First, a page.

A couple of years on and the brand’s market share in China has fallen to 7% from 16.5% in 2014, says the Wall Street Journal. And sales have declined for five consecutive quarters in the country after an outstanding 2015.

In 2015, Chinese consumers were literally flocking to buy iPhones: rated the country’s most prized luxury gift. Local buyers were particularly enamoured with the new gold colour (denoting wealth) and the outsized proportions (China’s more conspicuous consumers like their purchases big and showy – witness how large the faces of luxury Swiss watches have become over the past decade).

The iPhone 6 was certainly large for Apple’s shareholders. Chinese shipments jumped 78% from 29 million in 2014 to 51 million in 2015. This was also partly due to a new marketing tie up with China Mobile – by far the country’s largest telco – and this saw China leapfrog Europe as Apple’s second biggest market.

European sales, meanwhile, went up far more slowly from 29 million to 34 million, while US sales had a solid 36% jump from 52 million to 70 million shipments.

And then the momentum ebbed in China. US sales also slipped in 2016, falling 10% to 63 million. But they have been rebounding this year and analysts expect them to finish 2017 up about 15%.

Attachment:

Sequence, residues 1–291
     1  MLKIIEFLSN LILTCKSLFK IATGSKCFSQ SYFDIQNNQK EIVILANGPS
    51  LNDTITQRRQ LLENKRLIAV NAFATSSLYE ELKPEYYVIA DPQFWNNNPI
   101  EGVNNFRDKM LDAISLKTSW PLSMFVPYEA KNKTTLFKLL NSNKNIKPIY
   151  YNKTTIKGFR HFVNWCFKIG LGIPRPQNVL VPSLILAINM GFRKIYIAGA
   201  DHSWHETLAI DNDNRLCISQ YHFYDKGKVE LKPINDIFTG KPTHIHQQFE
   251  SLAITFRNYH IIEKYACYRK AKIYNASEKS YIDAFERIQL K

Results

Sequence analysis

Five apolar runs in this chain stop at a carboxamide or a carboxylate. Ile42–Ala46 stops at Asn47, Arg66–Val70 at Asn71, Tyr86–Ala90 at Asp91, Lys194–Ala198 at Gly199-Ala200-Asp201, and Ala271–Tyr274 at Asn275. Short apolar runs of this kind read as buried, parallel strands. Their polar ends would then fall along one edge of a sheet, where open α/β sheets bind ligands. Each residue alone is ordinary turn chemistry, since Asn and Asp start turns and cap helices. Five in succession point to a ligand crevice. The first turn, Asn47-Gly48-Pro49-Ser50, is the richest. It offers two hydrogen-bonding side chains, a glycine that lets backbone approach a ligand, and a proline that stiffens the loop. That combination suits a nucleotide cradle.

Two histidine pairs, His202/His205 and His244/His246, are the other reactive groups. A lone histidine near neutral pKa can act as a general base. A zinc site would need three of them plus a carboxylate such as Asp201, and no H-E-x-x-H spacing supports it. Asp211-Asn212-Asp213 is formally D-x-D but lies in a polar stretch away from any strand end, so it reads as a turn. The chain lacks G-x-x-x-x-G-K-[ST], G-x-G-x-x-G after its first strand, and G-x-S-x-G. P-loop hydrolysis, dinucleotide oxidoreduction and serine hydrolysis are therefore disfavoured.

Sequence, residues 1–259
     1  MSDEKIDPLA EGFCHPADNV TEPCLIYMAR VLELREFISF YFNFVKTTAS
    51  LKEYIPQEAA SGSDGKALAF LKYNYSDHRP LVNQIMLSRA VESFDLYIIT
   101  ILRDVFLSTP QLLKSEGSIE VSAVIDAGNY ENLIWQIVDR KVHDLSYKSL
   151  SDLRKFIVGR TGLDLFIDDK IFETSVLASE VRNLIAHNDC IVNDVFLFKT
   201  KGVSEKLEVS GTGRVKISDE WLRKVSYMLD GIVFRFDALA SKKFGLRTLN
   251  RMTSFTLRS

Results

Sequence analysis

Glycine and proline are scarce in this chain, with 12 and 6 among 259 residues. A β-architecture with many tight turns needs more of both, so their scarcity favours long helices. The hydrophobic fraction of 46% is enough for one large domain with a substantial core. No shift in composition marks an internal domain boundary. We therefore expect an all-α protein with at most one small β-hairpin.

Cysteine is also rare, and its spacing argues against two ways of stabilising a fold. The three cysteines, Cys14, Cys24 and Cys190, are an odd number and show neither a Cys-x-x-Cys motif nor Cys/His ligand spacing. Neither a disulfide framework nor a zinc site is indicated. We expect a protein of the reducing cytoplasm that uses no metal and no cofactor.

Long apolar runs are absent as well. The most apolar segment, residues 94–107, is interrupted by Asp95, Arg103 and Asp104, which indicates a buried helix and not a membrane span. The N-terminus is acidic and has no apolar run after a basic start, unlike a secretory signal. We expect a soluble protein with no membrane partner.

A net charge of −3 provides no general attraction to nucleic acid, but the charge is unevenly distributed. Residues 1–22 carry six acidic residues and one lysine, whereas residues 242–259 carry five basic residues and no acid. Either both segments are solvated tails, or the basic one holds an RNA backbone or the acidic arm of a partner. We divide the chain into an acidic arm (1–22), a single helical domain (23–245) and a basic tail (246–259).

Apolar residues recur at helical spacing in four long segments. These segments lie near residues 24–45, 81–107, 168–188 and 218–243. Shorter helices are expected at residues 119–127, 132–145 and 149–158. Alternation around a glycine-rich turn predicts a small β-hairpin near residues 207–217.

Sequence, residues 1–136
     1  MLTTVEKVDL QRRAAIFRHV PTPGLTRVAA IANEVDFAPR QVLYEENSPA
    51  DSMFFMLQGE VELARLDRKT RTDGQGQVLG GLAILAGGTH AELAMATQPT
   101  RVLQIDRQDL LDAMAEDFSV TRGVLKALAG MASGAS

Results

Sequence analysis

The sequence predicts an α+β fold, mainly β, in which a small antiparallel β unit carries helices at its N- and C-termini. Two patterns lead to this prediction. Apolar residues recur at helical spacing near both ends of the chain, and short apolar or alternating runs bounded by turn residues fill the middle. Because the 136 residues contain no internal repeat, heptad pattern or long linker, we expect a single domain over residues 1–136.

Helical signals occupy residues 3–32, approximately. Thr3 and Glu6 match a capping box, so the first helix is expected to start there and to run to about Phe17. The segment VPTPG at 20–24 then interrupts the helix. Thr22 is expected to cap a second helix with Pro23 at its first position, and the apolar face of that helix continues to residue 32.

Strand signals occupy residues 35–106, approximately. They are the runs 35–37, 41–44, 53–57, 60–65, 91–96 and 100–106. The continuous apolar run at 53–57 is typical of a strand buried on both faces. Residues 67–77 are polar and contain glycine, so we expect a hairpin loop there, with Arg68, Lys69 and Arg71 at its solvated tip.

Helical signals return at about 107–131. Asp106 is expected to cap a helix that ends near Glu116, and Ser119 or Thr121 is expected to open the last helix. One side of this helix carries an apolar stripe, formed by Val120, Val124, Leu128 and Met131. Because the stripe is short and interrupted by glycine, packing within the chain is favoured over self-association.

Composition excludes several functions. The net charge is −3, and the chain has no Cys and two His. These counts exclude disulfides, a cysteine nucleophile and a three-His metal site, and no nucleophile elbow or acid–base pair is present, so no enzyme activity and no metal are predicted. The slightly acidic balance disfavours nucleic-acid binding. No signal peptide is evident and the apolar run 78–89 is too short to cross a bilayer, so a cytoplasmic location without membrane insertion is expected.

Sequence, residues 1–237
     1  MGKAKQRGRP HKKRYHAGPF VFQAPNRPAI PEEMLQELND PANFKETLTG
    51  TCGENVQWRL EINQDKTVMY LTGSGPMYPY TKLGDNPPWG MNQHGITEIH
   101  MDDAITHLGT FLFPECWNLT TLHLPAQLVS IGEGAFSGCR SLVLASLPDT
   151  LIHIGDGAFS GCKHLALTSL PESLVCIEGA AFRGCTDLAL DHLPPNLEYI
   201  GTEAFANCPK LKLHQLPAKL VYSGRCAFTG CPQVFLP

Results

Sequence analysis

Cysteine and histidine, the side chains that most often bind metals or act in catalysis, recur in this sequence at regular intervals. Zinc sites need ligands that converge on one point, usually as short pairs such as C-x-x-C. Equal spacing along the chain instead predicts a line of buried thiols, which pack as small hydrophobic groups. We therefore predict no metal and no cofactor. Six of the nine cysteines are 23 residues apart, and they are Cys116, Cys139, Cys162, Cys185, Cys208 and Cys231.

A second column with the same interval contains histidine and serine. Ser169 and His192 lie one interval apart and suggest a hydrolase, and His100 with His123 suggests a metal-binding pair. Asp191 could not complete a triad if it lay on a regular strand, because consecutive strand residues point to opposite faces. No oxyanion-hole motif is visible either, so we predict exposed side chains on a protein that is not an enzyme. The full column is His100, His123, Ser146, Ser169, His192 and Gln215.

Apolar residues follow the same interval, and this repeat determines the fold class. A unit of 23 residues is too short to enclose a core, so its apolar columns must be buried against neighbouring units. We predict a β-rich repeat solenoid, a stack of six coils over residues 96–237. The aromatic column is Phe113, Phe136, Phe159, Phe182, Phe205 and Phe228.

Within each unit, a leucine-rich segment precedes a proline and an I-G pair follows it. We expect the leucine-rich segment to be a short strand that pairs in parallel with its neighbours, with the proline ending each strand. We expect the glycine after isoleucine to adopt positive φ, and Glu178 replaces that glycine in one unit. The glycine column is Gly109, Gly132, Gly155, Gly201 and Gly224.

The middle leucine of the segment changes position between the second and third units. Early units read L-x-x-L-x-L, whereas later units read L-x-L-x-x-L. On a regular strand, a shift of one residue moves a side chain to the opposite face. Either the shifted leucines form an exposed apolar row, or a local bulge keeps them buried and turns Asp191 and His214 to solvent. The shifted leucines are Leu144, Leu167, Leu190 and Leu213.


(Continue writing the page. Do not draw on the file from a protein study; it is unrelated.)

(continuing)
In China, sales similarly dropped 11% in 2016, but so far (and before the launch of iPhone X) there have been no signs of a revenue turnaround in 2017.

What happened?

In some respects, Apple was a victim of its own success during 2015. The strength of that year’s Chinese sales figures, made 2016 and to a lesser extent, 2017 a very hard act to follow, since they had a high base effect to contend with.

But as almost every newspaper and financial analyst has pointed out, Apple has also been under pressure from domestic competitors, particularly Huawei, which has been eating into its market share at the upper end of the price bracket.

At the end of 2016, Huawei had a 16.4% market share in China (sales were up 30% year-on-year), although it only ranked second overall to Oppo on 16.86%. Third was Vivo on 14.8%. According to more recent research, Huawei increased its share in the Chinese market to 21% in the second quarter of this year (roughly double what it was three years ago), and during the period Xiaomi has also made a comeback, overtaking Apple and pushing the American firm further down to the fifth spot.

The strength of local handset makers has proved a challenge to Apple’s dominance, particularly as their handset’s technological specs have increasingly rivalled the iPhone’s own (Huawei included a Leica camera, for instance).

Additionally, Chinese consumers aren’t locked into Apple’s ecosystem in the same way as many Western ones. iBook and iMovie, for example, were banned by the government over a year ago. Many local consumers do not subscribe to iTunes or Apple TV either. With less of their data anchored to Apple’s ecosystem that makes it a lot easier for Chinese iPhone users to ‘defect’ to alternate brands, most of which run variants of the rival Android operating system.